A registered nurse (RN), licensed practical nurse (LPN), unlicensed assistive personnel (UAP), or healthcare prescriber may take temperatures. When the temperature is taken by the UAP, any variance from baseline or deviance from previous measurement is reported to the licensed caregiver.
Temperature is measured to assess the baseline status of each child within the first hour of admission and to detect change in child’s status (e.g., hypothermia, presence of infection, or other changes in the child’s condition).
Reassess temperature 30 minutes to 1 hour after an intervention to measure response to treatment regime.
Measure temperature with assessments and every 1 to 2 hours or more frequently when the child is unstable, is acutely ill, or has problems with thermoregulation.
When using a temperature-regulating device (e.g., isolette, hypothermia blanket, overhead radiant warmer, forced air warmer), assess the child’s temperature every 1 to 3 hours.
Do not use mercury-containing thermometers.
The oral route is contraindicated if the child has developmental delay, oral surgery, seizures, altered level of consciousness, or will not cooperate (e.g., children younger than 5 years).
Use the axillary route in the immediate postdelivery infant; use the rectal route only when the axillary is out of range.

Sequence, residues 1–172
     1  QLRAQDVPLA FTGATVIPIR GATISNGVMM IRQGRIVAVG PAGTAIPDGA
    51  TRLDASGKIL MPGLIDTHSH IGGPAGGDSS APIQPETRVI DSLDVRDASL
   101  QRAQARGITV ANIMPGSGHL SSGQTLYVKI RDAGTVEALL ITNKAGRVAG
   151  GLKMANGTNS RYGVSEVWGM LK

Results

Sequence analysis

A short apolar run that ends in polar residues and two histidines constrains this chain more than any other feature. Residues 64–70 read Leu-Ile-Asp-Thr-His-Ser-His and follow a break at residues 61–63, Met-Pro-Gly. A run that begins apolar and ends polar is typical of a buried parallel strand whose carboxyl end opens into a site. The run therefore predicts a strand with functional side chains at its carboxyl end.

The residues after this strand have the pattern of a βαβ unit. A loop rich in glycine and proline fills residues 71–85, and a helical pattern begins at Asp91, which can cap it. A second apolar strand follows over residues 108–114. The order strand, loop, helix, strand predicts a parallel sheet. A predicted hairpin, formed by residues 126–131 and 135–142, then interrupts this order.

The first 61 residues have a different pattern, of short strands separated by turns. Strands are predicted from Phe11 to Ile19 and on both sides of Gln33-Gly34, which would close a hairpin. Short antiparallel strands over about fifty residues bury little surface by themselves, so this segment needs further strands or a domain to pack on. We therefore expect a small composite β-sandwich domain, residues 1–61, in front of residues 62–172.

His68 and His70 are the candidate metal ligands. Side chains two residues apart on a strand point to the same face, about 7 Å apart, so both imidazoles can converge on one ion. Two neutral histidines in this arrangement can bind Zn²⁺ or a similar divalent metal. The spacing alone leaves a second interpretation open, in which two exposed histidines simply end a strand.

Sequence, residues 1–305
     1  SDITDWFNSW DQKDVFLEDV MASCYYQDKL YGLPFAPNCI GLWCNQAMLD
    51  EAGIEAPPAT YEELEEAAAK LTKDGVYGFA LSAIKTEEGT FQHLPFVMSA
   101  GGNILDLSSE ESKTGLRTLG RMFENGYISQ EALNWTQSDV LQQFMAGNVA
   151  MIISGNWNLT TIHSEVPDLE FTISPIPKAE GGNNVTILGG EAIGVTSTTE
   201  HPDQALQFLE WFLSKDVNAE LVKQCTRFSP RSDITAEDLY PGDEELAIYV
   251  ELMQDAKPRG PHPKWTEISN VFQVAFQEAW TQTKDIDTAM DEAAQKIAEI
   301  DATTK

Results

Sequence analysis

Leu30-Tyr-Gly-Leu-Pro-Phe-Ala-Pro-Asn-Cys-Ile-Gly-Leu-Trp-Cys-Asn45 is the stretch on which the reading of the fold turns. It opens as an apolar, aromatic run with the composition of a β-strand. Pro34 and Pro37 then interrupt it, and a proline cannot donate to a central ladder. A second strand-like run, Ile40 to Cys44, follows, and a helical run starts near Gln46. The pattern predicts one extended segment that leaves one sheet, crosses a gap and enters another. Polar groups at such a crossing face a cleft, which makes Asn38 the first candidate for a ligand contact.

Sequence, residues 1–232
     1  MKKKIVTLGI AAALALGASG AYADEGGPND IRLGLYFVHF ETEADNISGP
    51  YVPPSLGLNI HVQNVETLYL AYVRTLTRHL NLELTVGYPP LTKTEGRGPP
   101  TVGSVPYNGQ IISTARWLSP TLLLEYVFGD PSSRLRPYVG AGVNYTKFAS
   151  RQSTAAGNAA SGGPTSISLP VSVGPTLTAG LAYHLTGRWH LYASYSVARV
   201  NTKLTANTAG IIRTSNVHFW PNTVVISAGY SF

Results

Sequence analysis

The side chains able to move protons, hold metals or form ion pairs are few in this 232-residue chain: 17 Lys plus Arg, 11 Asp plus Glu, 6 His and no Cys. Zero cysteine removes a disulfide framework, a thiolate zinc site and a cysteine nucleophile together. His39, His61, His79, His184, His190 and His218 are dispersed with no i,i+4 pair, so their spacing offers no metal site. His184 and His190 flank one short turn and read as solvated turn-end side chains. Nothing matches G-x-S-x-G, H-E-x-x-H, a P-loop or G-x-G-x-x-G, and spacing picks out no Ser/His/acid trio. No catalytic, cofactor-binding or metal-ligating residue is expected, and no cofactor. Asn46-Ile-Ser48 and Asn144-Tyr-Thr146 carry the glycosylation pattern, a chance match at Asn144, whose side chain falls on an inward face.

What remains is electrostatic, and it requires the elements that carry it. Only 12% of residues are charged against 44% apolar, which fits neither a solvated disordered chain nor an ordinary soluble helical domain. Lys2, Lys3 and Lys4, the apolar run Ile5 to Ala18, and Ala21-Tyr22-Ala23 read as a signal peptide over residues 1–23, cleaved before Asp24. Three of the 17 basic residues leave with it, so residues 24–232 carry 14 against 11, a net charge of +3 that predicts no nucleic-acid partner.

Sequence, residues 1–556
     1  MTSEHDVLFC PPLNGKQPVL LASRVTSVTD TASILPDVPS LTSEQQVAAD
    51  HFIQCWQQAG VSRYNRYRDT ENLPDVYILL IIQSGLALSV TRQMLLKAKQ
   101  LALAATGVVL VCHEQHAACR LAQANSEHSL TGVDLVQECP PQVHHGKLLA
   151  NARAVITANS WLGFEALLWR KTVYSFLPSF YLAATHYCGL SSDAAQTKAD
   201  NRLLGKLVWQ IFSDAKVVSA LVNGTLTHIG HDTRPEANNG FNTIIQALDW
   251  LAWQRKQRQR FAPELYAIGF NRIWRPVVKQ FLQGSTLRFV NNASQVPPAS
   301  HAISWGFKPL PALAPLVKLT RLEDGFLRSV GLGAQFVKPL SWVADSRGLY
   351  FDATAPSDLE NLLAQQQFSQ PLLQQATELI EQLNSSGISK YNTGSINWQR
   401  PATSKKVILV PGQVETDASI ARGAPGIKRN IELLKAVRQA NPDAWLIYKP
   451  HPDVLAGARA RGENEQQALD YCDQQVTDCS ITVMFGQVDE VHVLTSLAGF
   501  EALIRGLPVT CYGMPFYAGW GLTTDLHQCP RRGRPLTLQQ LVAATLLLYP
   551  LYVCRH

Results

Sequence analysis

The rectal route is contraindicated if the child has neutropenia, thrombocytopenia, or a bleeding disorder; is preterm birth; or has had rectal or bowel surgery.
Tympanic (infrared) measurement is not recommended for use in children younger than 3 months. Studies demonstrate that children and parents prefer tympanic thermometers over electronic and chemical dot thermometers.
Temporal artery measurements can be used for children older than 3 months.
Disposable thermometers (e.g., Tempa•DOT™) are accurate for children younger than 5 years.
Thermometer: electronic, tympanic, temporal artery, or disposable
Disposable probe cover: necessary for electronic or tympanic thermometer
Tissues or dry cloth
Explain to child and family, in developmentally appropriate language (e.g., “I’m going to see how warm your body is.”), the reason for measuring temperature, equipment being used, and how temperature will be assessed.
Show child and family the equipment you will use.
Demonstrate on family member (or self) how the equipment is used.
Measuring Oral Temperature in a Child Older Than 5 Years Using an Electronic Thermometer
Measuring Tympanic Temperature in a Child Older Than 3 Months
Measuring Rectal Temperature Using an Electronic Thermometer